Prelude to a Kiss

“Ride at your own risk,” says Peter Hoskins (Alec Baldwyn) in a contemplative moment at the beginning of the new romantic movie Prelude to a Kiss. Speaking to himself, Peter immediately sets the tone of the film as a modern fairy tale about the mysterious and unpredictable nature of love.

The earlier part of this ambitious film is highly amusing, describing the natural evolution of the heated romance between Peter and Rita (Meg Ryan) from first encounter all the way to tying the knot. Meeting at a party, they immediately connect–their attraction is physical, emotional, and intellectual; Rita and Peter realize that they both like eating spaetzle.

All goes well until their wedding day, when a mysterious stranger (Sydney Walker), arriving out of nowhere, requests to kiss the bride. Rita acquiesces. After that kiss, the story takes an unexpectedly dramatic turn, when Rita and the Old Man exchange their souls. Peter soon realizes that Rita is not the woman he knew–or thought he knew.

Craig Lucas' screenplay, based on his l988 play, which originated off Broadway and enjoyed a successful run on Broadway, was directed by Norman Rene, who also staged the play. The filmmakers have tried to make as light and entertaining a film as possible, which may be the reason for the uneven quality of their work, for no matter how you look at it, Prelude to a Kiss is a pensive treatise about love.

In the transfer from stage to screen, the resonance of the work seems to have been slighted and its integrity compromised. Aiming for a broader appeal and larger public, the play has been opened up; there is a lengthy honeymoon sequence in Jamaica, for example. I have a feeling that the ideological subtext–love in the age of AIDS–was more explicit in the play; people who saw the stage production say the play was much tougher. In the screen version, however, the relationship of Peter and the Old Man is somewhat fuzzy and ambiguous. In one particularly unsettling scene, when the two men embrace and kiss, I sensed an uncomfortable feeling in the audience; some viewers laughed, probably out of embarrassment.

Even so, the two central characters are interesting. Working at a publishing firm that puts scientific information on microfiche, Peter is the more sober and intellectual type. He is an optimistic young man who miraculously overcame his childhood's traumas–a product of a broken home, he was moved from one family to another. Rita appears to be his opposite: a fun-loving bartender, who has not had a good night sleep since she was fourteen. But we later learn that Rita was a member of the Socialist Party, and in a touchy monologue she talks about her fears of bringing children into this world.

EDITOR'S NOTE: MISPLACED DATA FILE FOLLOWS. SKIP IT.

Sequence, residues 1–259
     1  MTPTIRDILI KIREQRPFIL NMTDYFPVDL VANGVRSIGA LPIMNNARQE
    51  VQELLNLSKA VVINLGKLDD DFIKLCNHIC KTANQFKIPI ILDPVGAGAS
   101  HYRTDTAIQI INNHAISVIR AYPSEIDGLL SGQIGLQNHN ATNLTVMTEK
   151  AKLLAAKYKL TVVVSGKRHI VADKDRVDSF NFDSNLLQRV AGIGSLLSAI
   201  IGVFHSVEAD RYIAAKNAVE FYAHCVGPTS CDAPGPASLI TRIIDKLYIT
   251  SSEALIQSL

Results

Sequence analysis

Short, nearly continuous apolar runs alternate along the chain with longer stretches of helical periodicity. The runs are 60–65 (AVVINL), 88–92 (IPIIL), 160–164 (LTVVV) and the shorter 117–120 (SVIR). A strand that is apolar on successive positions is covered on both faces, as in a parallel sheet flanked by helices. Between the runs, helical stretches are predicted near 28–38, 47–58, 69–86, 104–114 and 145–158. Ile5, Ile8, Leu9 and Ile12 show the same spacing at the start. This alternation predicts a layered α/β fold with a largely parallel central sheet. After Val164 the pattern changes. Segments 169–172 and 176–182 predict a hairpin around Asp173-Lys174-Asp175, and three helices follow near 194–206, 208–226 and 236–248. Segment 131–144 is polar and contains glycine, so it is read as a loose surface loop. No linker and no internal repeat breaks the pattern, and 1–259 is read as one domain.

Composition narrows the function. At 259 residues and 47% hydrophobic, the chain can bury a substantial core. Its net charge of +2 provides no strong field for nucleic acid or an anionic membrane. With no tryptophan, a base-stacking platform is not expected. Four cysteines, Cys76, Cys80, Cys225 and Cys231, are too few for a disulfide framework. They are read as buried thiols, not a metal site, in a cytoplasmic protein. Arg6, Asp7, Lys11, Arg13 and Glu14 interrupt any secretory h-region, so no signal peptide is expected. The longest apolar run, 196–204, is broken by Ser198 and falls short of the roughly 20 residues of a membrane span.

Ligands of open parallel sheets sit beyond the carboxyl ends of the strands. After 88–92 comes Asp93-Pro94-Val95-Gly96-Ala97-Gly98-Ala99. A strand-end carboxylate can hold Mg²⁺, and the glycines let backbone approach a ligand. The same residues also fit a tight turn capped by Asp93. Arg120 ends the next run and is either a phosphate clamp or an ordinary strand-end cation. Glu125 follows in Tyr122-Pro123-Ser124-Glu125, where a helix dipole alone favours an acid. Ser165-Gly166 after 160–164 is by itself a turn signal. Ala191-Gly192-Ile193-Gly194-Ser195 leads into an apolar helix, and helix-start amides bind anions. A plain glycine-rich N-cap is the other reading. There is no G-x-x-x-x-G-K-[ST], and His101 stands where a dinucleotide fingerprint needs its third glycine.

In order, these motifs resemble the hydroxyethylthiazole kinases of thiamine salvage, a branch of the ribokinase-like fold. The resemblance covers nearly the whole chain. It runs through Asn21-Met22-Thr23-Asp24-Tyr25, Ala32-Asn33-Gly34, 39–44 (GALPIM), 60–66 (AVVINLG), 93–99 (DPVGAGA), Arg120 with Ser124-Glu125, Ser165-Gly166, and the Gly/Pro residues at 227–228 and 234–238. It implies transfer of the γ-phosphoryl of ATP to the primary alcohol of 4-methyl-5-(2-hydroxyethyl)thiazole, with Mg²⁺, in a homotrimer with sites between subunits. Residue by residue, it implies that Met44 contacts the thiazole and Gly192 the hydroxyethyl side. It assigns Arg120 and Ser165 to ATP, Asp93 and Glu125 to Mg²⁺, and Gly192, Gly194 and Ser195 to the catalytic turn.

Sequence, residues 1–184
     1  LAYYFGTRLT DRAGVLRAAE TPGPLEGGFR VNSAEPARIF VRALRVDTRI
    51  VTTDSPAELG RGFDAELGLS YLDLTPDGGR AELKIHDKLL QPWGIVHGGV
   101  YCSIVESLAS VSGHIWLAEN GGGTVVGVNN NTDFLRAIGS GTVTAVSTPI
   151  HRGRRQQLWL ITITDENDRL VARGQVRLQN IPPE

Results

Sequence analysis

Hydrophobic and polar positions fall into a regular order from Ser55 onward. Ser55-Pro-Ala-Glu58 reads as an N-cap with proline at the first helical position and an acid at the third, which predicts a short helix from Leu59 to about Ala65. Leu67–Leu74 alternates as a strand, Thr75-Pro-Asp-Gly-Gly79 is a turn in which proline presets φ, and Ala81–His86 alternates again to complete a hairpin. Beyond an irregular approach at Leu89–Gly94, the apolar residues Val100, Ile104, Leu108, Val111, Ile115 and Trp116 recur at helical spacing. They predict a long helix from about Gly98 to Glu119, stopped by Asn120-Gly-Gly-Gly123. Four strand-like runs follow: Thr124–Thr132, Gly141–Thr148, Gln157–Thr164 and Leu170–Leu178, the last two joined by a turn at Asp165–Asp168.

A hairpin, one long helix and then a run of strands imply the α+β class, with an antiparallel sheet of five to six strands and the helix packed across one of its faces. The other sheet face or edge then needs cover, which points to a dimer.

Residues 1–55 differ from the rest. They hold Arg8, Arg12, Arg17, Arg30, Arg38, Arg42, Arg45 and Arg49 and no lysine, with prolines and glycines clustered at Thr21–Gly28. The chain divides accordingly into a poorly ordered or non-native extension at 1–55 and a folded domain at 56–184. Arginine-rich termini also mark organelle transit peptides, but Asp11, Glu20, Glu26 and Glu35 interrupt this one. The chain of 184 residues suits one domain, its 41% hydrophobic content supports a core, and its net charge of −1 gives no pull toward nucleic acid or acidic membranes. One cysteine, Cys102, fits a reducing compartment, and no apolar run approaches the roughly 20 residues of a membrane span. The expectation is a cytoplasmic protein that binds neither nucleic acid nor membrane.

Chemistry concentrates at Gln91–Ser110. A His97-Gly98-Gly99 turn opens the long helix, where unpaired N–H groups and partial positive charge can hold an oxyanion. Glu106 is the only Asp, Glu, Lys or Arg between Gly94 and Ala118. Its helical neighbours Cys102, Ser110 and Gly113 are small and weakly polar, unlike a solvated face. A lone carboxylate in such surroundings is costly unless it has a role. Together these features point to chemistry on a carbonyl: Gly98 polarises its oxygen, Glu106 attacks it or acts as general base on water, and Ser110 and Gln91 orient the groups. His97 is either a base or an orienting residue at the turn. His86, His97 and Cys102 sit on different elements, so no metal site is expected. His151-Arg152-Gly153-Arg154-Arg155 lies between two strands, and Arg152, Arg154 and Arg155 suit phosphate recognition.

On the surface, “Prelude to a Kiss” uses a similar device to Ghost, but the resemblance between these movies is superficial. As strange as it may sound, a more poignant comparison would be with Love Story, the schmaltzy smash hit that starred Ali MacGraw and Ryan O'Neal. Like the l970 film, Prelude to a Kiss starts as a love story that follows the traditional paths of infatuation, courtship, and marriage. And in moments–but only in moments–the new film is also sentimental. Deep down, however, the new comedy-drama is anything but the cute and hollow movie that “Love Story” was. Prelude of a Kiss is a reflexive meditation on the true essence of love–the primacy of spirituality over physicality. Grounded in the zeitgeist, it's a modern fairy tale, a love story for the age of AIDS.

A chamber piece for three accomplished actors, Prelude to a Kiss features some excellent performances. There is strong chemistry between the stunning Baldwin, who had the advantage of playing the role on stage, and Meg Ryan. Ryan is more appealing in the first part, when she has to be cute and spontaneous, but she is less convincing in the second. As the old man, Sydney Walker renders a creditable performance, conveying the aimlessness of old age as well as fear of death. Patty Duke and Ned Beatty bring some necessary comic relief to their supporting roles as Rita's parents.

Despite the efforts to open up the play, the film's sensibility is still theatrical. And Rene's direction lacks the smooth and fluid style of his previous collaboration with Lucas, the great independent film Longtime Companion. Nonetheless, Prelude to a Kiss is always clever and often provocative and touching–and for these qualities, in a summer season of broad comedies and action fare, we have to be grateful.